Stimulants are commonly used to treat Attention-Deficit Hyperactivity Disorder (ADHD). Symptoms of ADHD interfere with functioning at school and in daily living and may include:
- Short attention span.
- Inability to stay still.
- Being impulsive.
Stimulants may be short acting or long acting. Short acting means that they act right away but do not last a long time. Long acting means that they take longer to act but last longer. Some children need to take a short acting and a long acting stimulant to get coverage throughout the day. Taking a short acting and a long acting stimulant together counts as only one stimulant and is not outside the Parameters.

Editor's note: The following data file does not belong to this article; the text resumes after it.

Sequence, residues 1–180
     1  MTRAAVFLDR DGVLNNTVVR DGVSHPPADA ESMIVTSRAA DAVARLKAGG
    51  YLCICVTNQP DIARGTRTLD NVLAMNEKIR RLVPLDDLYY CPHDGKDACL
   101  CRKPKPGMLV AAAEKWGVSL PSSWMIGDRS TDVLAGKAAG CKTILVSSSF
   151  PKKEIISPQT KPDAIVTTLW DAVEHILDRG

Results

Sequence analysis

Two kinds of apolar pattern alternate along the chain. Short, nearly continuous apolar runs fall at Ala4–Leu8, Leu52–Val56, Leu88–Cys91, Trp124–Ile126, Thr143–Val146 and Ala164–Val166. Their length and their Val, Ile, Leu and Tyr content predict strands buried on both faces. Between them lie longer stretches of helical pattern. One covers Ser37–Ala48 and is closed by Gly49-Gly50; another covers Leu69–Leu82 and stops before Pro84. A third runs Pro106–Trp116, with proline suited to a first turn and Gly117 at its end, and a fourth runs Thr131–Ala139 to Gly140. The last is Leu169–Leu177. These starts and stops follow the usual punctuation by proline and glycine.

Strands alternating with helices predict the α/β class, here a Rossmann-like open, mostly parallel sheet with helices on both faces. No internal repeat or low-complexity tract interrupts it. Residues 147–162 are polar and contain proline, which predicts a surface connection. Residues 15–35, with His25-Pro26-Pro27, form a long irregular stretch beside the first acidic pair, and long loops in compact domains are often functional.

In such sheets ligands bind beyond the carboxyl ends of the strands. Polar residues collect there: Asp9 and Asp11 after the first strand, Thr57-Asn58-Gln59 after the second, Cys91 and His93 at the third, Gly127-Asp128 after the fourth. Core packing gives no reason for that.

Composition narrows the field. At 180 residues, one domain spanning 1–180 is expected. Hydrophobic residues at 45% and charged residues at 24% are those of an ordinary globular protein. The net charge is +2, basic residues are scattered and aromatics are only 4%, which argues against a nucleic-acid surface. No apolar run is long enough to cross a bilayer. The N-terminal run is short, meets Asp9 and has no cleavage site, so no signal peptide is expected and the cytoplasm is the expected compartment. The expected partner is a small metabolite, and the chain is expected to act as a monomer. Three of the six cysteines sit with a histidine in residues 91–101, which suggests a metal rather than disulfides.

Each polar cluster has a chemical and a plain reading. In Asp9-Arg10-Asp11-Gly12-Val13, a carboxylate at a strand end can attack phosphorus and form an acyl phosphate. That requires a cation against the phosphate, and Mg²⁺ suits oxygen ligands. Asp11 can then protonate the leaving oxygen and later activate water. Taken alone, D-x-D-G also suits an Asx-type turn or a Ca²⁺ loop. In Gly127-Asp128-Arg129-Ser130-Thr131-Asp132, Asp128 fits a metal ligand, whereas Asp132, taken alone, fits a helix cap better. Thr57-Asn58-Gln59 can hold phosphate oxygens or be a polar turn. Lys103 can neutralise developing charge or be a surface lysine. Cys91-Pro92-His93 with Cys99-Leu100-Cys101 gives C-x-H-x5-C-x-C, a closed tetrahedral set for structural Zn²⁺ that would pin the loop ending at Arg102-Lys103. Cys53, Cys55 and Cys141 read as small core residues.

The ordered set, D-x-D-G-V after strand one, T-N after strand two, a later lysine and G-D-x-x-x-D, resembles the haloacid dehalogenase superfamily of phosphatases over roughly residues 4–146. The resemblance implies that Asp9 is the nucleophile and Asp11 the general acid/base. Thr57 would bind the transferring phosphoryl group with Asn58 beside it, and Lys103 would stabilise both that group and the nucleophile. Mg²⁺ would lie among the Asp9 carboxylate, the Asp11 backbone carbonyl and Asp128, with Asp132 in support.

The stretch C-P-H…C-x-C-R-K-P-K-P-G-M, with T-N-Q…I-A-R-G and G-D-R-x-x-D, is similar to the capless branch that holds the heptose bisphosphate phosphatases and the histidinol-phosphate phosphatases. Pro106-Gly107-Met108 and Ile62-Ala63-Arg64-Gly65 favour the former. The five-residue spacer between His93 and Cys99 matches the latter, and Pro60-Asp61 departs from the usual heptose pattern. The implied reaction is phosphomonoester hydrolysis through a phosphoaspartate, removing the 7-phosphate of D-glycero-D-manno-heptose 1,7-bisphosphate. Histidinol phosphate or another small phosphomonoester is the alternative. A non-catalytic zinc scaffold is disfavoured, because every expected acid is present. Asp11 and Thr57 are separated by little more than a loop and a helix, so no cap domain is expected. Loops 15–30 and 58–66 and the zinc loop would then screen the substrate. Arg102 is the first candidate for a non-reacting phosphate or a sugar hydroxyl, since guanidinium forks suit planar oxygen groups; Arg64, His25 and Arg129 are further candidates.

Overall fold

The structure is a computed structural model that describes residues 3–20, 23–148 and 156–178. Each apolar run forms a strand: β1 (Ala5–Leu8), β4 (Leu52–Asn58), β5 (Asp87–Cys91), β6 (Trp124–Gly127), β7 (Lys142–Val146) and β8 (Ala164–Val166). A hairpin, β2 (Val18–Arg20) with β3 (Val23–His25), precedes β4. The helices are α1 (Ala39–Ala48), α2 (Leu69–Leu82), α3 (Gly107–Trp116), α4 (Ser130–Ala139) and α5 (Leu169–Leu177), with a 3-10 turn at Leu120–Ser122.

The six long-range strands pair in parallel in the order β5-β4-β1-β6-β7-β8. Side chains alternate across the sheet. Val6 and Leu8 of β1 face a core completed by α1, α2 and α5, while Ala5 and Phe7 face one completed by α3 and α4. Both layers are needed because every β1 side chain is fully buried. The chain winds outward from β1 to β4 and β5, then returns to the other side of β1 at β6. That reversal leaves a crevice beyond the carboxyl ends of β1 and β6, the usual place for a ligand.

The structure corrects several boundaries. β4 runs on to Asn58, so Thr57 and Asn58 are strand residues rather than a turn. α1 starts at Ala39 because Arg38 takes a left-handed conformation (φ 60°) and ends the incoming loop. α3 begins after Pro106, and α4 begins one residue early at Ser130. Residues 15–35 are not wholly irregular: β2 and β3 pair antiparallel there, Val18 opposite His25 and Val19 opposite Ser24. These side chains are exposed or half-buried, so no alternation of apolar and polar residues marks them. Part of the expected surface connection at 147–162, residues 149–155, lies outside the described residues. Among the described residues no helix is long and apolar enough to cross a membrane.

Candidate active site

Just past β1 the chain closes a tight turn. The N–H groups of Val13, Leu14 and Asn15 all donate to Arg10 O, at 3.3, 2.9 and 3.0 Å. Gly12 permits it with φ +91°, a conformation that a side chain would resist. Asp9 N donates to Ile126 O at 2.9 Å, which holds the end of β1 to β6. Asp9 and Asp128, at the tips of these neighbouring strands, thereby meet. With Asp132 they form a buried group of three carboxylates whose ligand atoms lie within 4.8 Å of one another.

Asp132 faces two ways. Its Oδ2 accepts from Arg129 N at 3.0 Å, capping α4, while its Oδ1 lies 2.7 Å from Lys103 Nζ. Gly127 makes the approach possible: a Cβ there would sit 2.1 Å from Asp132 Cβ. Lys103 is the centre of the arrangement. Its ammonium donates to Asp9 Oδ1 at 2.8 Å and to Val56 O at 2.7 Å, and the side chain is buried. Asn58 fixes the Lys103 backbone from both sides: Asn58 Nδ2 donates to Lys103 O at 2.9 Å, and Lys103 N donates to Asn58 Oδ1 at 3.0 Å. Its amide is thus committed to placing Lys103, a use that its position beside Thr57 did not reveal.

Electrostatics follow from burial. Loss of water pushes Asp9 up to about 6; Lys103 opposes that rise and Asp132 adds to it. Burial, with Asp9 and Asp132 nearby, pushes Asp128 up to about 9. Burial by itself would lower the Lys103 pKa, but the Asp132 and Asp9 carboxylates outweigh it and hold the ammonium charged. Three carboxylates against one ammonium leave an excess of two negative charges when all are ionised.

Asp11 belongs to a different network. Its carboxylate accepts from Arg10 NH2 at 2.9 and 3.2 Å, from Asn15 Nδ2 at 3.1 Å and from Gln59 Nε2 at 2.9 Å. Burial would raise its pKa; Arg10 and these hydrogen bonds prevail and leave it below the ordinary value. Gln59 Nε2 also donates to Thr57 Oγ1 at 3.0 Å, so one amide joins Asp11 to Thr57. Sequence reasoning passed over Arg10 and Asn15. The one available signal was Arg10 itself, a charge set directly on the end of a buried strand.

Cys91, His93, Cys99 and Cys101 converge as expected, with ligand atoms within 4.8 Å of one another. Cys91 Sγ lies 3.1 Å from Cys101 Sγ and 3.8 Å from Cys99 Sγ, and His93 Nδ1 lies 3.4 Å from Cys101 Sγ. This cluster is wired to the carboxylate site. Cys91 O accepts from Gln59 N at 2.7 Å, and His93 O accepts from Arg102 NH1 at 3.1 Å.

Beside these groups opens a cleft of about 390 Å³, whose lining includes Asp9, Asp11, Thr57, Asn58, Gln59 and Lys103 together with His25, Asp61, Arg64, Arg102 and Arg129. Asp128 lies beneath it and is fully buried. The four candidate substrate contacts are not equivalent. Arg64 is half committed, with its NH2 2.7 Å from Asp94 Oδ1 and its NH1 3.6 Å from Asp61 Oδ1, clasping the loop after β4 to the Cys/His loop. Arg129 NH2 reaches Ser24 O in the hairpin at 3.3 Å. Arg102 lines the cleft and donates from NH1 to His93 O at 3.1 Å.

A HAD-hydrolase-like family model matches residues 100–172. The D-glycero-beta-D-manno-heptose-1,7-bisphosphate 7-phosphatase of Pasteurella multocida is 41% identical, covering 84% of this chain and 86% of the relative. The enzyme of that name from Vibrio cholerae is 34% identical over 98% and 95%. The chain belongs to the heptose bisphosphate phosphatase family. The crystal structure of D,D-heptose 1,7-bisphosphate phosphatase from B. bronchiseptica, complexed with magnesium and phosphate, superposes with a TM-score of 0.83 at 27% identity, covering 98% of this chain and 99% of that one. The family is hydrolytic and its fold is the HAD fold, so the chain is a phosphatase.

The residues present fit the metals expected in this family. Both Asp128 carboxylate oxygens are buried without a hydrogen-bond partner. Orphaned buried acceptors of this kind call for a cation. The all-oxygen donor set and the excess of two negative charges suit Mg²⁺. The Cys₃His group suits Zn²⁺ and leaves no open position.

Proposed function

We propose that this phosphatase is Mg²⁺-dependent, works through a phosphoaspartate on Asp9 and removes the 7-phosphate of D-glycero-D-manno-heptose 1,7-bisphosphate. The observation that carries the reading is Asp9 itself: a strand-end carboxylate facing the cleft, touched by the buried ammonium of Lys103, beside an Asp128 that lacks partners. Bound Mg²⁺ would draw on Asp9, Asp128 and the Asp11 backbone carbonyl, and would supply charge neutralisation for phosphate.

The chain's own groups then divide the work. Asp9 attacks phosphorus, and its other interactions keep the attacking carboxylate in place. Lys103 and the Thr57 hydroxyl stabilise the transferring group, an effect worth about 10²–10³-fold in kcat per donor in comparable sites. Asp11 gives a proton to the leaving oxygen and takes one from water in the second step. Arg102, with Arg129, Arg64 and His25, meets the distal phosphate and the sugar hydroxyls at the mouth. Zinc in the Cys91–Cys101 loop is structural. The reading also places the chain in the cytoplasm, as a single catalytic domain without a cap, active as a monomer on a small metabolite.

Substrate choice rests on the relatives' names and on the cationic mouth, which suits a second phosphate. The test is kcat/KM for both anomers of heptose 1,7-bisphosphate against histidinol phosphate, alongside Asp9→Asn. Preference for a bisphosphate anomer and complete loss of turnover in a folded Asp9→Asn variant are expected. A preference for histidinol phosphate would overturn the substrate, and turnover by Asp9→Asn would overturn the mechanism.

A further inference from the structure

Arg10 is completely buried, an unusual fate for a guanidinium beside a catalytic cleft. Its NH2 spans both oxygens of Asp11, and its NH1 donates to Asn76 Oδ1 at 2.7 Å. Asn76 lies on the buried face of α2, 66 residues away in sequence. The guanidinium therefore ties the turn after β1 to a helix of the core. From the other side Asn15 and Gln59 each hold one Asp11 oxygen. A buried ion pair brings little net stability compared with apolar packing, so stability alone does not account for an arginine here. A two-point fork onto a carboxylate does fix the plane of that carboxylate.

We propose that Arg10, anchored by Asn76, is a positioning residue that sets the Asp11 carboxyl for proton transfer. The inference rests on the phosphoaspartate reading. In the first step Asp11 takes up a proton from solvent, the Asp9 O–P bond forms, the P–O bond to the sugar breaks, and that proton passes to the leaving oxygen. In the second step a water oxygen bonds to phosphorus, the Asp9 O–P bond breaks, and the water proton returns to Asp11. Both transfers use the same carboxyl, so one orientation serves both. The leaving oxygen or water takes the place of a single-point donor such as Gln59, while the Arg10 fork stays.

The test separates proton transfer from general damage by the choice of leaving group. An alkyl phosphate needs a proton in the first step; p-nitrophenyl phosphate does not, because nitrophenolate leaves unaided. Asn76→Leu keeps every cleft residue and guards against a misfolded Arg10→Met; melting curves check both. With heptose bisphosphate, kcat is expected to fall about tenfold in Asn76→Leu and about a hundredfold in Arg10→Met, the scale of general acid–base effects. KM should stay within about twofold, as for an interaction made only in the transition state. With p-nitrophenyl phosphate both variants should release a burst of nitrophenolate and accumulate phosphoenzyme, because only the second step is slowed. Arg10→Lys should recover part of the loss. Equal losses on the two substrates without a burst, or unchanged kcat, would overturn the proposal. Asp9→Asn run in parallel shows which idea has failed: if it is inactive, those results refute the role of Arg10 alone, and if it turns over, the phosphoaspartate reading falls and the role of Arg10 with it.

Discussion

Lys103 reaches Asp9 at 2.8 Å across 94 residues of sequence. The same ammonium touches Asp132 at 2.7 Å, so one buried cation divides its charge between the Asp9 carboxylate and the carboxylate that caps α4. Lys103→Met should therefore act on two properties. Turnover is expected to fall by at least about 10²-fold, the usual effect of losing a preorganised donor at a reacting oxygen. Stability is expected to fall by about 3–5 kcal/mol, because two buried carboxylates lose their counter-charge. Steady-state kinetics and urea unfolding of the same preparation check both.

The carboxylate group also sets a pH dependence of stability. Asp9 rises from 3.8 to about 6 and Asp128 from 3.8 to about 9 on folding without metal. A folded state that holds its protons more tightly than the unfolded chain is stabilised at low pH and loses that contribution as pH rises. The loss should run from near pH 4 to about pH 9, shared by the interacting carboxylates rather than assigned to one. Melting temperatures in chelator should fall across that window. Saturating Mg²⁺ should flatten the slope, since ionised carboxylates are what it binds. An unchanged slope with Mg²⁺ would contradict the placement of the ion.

Examples of short acting stimulants
- Amphetamine (Adderall)
- Dexmethylphenidate (Focalin)
- Methylphenidate (Ritalin, Metadate, Methylin)
- Dextroamphetamine (Dexedrine, Dextrostat)
Examples of long acting stimulants
- Amphetamine (Adderall XR)
- Dexmethylphenidate (Focalin XR)
- Methylphenidate (Concerta)
- Lisdexamfetamine (Vyvance)